‘No Escape’ Review: This Is Why We Use Zombies and Aliens

     August 25, 2015


No Escape shows why zombies and aliens aren’t just popular antagonistic forces in films; they’re necessary. We need a supernatural force because when you try to go realistic, as John Erick Dowdle and Drew Dowdle attempt to do in their new movie, you come away with an action film that’s incredibly uncomfortable in how it dehumanizes an entire race just so it can derive some more drama for its imperiled white protagonists.   The Dowdles do have some chops when it comes to choreographing action, but the thrills are constantly undermined by the raging xenophobia that runs throughout the picture. Even removed from the racist undertones, the film stumbles on moments that are unintentionally comic or painfully predictable. Less than halfway through, the title feels like a punishment than an assessment of the characters’ predicament.

Jack Dwyer (Owen Wilson) has landed a job in an unnamed Southeast Asian country and brought along his wife Annie (Lake Bell) and their daughters Lucy (Sterling Jerins) and Beeze (Claire Geare). On the plane ride over, they meet the debonair but slightly unsavory Hammond (Pierce Brosnan) who gives them some tips on how to survive their new homeland. However, he neglects to inform them that the country is on the brink of civil war, and while Jack is out trying to find a newspaper, he gets caught in upheaval. He manages to race back to the hotel and reunite with his family, and together the Dwyers must figure out how to survive the rampaging horde of angry [Unnamed Southeast Asian Country]-ians.


Image via The Weinstein Company

The fact that the script goes out of its way to avoid naming a particular country only makes the movie more offensive because it homogenizes the region. Rather than just offend Cambodia or Laos (we learn later in the movie Vietnam is on the other side of the river, so it has to be one of these two countries), it offends both as well as the entire race and region, who are never depicted as anything other than a gang of bloodthirsty murderers and rapists. The only “good” citizen of this unnamed country is Hammond’s extremely Americanized pal, “Kenny Rogers” (Sahajak Boonthanakit). Pretty much everyone else who isn’t a machete-wielding maniac is cannon fodder, and they’re useful only for how they can protect the Dwyers. I don’t want to go so far to say that No Escape thinks that the only good Asian is a dead Asian, but the Dwyers manage to survive at one point by literally hiding behind a dead Asian man’s body and then are able to sneak around using the clothes they pulled off dead Asians.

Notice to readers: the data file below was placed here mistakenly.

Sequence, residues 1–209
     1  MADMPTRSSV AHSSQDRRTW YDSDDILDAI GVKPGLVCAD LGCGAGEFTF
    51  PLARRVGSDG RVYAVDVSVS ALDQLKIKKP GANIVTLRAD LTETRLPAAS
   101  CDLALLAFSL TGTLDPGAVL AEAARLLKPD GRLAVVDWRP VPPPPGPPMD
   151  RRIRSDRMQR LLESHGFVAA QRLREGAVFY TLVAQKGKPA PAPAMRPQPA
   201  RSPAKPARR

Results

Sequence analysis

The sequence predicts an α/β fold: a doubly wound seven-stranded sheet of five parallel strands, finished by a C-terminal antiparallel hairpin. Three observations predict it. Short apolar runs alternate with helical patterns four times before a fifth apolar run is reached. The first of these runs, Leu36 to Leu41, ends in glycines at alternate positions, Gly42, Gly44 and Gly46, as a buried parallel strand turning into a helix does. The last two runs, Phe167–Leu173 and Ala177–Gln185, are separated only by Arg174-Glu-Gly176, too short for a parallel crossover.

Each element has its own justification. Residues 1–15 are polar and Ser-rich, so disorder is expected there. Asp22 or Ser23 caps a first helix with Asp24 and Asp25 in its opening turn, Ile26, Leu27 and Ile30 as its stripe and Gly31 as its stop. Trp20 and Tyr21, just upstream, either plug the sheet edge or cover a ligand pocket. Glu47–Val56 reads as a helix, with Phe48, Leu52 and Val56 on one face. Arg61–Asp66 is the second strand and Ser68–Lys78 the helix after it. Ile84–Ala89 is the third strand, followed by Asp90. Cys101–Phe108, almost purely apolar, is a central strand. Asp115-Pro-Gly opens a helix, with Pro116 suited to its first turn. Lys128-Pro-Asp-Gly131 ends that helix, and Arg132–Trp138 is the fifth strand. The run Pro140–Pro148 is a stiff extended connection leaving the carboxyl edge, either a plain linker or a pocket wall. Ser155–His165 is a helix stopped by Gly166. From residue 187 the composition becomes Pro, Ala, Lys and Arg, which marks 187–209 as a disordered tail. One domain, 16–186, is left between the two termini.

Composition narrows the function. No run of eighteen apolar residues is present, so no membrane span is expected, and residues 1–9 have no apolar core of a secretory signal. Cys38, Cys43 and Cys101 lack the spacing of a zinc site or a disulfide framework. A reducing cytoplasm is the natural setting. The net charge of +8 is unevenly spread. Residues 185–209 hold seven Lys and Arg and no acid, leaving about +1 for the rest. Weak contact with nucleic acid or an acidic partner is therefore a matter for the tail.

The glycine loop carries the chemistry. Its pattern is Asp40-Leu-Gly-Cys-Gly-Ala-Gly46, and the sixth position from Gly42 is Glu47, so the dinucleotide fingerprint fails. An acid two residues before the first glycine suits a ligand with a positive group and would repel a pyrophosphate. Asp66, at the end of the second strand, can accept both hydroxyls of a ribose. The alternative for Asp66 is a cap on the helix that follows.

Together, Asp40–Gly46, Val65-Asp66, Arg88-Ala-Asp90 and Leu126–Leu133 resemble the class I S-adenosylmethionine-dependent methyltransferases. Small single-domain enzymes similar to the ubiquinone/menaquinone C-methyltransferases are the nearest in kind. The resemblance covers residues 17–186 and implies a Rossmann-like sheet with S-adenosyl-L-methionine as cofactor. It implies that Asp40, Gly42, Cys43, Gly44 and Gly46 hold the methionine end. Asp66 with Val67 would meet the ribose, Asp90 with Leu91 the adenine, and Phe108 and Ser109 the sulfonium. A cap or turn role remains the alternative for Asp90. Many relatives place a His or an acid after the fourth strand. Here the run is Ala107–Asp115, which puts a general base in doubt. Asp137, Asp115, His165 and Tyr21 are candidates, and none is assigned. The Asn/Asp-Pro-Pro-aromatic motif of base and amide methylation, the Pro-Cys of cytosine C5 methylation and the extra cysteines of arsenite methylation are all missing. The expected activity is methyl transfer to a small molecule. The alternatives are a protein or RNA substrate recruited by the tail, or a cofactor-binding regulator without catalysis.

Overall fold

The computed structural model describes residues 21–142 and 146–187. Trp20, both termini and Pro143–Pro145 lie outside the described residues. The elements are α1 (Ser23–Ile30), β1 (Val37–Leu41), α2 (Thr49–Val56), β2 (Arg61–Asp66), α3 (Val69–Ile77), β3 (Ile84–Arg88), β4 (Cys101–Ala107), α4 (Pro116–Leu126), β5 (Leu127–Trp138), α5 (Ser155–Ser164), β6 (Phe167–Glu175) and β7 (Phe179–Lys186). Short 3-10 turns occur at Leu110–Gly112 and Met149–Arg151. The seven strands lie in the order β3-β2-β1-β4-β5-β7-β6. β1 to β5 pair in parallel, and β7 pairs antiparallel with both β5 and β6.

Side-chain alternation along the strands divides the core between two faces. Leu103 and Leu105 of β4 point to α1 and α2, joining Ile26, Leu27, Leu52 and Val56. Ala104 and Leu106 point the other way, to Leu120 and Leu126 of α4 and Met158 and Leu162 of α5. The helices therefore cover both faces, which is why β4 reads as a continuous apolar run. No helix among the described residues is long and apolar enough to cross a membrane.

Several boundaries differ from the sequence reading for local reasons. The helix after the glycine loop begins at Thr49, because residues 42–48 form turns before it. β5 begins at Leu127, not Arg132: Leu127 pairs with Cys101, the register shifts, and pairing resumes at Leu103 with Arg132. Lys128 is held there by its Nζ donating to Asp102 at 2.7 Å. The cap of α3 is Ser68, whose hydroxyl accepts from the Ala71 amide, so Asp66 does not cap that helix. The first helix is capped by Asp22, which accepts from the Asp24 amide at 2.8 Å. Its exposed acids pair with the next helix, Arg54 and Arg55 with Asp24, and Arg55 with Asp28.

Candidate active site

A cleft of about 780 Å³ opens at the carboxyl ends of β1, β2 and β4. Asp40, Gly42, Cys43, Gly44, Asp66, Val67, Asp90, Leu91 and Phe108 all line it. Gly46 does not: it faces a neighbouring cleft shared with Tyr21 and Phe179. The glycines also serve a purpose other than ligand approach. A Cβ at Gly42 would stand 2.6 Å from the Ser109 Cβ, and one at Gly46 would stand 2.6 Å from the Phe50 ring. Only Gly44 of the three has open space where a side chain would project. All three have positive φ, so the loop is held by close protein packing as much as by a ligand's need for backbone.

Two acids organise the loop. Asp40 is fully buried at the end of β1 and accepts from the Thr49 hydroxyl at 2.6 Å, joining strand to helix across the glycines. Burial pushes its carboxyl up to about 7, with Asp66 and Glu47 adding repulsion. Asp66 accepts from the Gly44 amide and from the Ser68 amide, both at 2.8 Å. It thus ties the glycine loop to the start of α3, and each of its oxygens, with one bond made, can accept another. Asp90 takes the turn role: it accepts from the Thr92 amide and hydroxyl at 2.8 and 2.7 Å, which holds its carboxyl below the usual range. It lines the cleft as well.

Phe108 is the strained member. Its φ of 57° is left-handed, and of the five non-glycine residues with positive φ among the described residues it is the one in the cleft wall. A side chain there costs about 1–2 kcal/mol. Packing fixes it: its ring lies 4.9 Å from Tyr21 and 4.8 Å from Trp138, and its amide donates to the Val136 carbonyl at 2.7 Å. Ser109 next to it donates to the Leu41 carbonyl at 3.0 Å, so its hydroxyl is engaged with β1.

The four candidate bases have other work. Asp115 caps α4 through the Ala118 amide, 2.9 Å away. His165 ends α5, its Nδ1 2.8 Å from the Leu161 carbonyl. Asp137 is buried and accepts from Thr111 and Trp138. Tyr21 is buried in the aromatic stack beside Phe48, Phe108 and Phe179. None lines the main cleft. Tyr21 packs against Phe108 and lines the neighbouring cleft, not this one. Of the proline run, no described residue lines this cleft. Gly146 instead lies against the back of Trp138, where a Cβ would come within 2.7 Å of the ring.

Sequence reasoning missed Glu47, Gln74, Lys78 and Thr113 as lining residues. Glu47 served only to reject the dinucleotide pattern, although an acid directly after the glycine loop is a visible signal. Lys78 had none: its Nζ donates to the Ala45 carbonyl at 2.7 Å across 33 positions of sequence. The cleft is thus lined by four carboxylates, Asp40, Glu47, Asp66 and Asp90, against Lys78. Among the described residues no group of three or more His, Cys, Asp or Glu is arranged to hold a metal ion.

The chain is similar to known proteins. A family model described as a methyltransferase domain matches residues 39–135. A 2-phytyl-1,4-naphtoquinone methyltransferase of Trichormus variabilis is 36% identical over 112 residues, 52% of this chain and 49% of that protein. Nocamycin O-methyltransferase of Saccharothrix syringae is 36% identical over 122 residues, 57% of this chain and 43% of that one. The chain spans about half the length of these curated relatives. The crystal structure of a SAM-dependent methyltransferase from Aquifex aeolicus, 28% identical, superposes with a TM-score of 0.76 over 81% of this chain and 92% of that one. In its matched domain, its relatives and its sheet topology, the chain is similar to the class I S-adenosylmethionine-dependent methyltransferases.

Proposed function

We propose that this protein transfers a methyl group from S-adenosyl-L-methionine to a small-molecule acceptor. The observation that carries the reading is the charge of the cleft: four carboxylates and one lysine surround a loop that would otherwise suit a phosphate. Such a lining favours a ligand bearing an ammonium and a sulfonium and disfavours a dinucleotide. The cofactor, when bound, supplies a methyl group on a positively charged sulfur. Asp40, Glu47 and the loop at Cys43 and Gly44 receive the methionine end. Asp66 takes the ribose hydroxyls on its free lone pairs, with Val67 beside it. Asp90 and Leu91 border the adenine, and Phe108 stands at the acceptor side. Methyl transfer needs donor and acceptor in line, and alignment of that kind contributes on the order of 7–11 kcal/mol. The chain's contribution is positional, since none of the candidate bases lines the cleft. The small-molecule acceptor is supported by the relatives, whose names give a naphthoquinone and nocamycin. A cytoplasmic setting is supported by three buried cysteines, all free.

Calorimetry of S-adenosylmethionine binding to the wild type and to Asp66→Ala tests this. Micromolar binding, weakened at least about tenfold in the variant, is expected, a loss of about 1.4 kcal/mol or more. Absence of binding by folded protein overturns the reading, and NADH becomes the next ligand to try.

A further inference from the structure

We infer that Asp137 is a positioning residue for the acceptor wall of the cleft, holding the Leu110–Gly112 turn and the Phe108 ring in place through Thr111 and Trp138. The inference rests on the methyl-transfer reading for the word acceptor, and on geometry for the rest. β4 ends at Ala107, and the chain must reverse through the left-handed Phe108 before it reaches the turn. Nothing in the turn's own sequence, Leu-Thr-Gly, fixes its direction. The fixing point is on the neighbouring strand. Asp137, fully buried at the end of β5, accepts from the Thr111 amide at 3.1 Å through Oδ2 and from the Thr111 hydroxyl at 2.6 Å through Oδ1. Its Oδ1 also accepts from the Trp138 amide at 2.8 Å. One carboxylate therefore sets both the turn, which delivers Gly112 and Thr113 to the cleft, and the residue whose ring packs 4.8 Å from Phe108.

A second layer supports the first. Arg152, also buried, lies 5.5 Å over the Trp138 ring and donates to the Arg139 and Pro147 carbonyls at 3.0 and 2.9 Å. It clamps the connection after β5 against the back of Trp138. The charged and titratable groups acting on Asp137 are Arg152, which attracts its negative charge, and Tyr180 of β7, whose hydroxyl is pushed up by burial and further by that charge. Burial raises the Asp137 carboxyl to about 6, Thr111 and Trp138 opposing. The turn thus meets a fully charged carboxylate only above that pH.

It’s a gross movie that only becomes more grotesque as it goes along, and it’s a shame not only because of its rampant xenophobia and how it plays into the worst fears of every white middle-class person who spits out the phrase “third-world” (Annie even clarifies for us that they’re in the “fourth-world” because not all the light switches in their hotel room work), but because the filmmakers have some chops when it comes to directing action. If you replace people with zombies in this movie, you’d have a fairly terrifying action-horror flick. The Dowdles occasionally make good use tight spaces and quick cutting, although they’re just as liable to make the action incomprehensible. Ultimately, whenever they do tap into the fear, it’s in the most ugly manner possible, and the only reprieve is stumbling upon something unintentionally hilarious like Owen Wilson chucking a small child off of a rooftop.


Image via The Weinstein Company

Granted, giving his antagonist horde agency and discernment makes them more terrifying, but it feels like the only reason they’re not aliens or zombies is because they need to fire guns or attempt to rape women. The movie makes a half-hearted apology about how this is truly all the fault of Western corporations who have exploited this kind of underdeveloped country, but we don’t see that corporation. We just see the sadistic rebels and the hapless white family who didn’t want any part of this catastrophe. It’s also worth noting that this devastation is only from the perspective of the Dwyers, thus further dehumanizing any non-White person in the story.

No Escape is horrific, but for all the wrong reasons. It taps into its audience’s most despicable fears and wants the reality of the situation but is too feckless to even name its setting. The film discards realism when its inconvenient or confrontational, but relishes it when it can create a harsher, more revolting picture. The tagline may as well be “When Bad Things Happen to White People,” and No Escape unthinkingly devolves into predictable situations that disrespect everyone involved in more ways than one.

Rating: F


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